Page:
The human nervous system is similar to a
complex set of electrical receptors and conductors, with the
brain acting as a central receiving station. And since
Farabloc blocks these magnetic and electromagnetic fields, it
blocks the pain.
Invented more than thirty years ago to
combat phantom limb pain caused by amputation, Farabloc has
been researched in both Europe and North America, with results
published in respected peer reviewed medical and scientific
journals. Farabloc has been widely accepted by individuals as
well as recognized health agencies and organizations.
tailored into various shapes and sizes can be used a wraps,
bandages and even blankets. It is also tailored to create
boots, knee bandages, carpal tunnel gloves and coverings for
amputee stumps. Increasingly, Farabloc is being integrated
into the manufacture of prosthetics, so that it is
automatically performing its beneficial function without being
Farabloc offers drug-free pain relief, often
useful in avoiding surgery.
- Farabloc looks and feels like linen and can be washed,
dried and reused.
- Farabloc can be cut, sewn and ironed like any other
- Farabloc can be applied repeatedly without losing its
- Farabloc aids muscle relaxation and relieves lower back
- Farabloc may create a warming effect.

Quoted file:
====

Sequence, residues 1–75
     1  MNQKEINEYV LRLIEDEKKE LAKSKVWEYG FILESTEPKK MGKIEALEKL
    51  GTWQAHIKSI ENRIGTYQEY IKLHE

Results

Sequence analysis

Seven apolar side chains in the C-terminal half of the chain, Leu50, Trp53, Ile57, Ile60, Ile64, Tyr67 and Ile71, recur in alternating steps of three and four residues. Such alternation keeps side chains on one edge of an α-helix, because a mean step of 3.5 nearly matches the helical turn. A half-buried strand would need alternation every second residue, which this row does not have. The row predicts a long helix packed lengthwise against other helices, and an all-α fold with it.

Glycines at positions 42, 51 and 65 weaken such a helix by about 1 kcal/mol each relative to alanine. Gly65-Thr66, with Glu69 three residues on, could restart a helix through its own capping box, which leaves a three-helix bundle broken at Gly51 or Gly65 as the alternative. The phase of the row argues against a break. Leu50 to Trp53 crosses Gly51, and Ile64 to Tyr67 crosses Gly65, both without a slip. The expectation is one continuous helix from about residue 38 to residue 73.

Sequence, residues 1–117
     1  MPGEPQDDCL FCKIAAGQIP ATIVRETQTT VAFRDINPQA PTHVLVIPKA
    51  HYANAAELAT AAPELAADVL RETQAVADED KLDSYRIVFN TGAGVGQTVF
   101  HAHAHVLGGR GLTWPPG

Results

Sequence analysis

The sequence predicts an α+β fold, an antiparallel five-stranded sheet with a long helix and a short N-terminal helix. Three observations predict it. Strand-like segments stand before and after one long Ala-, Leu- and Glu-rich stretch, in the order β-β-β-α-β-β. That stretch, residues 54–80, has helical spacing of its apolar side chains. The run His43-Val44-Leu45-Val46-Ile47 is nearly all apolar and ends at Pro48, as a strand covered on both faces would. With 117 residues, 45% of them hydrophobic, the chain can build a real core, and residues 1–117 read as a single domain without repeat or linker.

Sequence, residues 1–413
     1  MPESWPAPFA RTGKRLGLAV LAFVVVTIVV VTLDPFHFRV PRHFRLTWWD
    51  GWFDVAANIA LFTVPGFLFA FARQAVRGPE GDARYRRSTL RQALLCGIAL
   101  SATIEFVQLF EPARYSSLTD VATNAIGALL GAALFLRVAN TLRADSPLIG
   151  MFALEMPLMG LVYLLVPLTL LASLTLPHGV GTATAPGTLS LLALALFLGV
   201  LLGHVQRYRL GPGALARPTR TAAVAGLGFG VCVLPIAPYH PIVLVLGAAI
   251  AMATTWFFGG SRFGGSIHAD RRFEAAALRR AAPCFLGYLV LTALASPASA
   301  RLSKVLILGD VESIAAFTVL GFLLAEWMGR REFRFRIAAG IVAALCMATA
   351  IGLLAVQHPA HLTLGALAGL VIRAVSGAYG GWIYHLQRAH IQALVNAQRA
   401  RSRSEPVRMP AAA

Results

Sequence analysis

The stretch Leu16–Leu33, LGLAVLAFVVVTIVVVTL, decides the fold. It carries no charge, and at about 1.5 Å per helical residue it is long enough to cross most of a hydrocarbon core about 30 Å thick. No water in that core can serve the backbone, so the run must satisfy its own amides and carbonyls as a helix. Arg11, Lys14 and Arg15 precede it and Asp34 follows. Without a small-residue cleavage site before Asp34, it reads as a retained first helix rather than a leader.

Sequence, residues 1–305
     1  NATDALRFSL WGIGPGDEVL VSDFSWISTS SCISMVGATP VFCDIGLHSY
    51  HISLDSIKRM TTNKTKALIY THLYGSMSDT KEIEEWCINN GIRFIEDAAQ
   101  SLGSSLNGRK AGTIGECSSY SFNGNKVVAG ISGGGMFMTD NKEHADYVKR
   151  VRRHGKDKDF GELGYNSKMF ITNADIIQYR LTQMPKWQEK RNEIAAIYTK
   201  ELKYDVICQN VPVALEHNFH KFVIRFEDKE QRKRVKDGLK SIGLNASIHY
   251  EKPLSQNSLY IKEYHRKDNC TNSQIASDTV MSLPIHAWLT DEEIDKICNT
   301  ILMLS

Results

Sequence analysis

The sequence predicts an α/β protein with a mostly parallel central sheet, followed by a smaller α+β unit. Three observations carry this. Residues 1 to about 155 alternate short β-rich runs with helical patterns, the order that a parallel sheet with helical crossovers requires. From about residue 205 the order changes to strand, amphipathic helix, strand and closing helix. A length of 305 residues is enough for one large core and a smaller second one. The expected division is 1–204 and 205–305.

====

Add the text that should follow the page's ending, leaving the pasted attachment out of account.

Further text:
- To sustain pain relief it is important that you keep
Farabloc on for some time.
- According to clinical studies, a double layer of
Farabloc increases its
Pain relief or therapeutic?
Studies of Farabloc has demonstrated a
profound positive impact upon blood chemistry, leading
researchers to believe that the product is not just for pain
relief, but likely an effective therapy for many difficult
conditions, assisting the body in healing itself, particularly
with respect to edema and deep vein thrombosis (DVT).
Extensive studies suggest an enhanced
circulatory effect. It is assumed that these results are
related to stabilization of the cell wall by modulating
micropore size, and by alteration in the electromagnetic
fields. Enhanced circulation may result in avoiding edema and
slowing of blood flow. These would be important factors in
limiting edema of the lower legs and avoiding DVT
Medical science has long established that
heat increases blood circulation to the site of the injury.
Increased circulation speeds up the removal of accumulated
fluids that cause stiffness and swelling. This, in turn,
speeds up the natural healing process ensuring a quicker
return to fitness.
As we know, blood transports oxygen and
nutrients from our cells to wounds and weaknesses, assisting
in its healing process. Interference with this transportation
prolongs recovery. Research shows that healing is slowed, or
perhaps even stopped, if there is repeated deprivation of
blood supply from the area in question.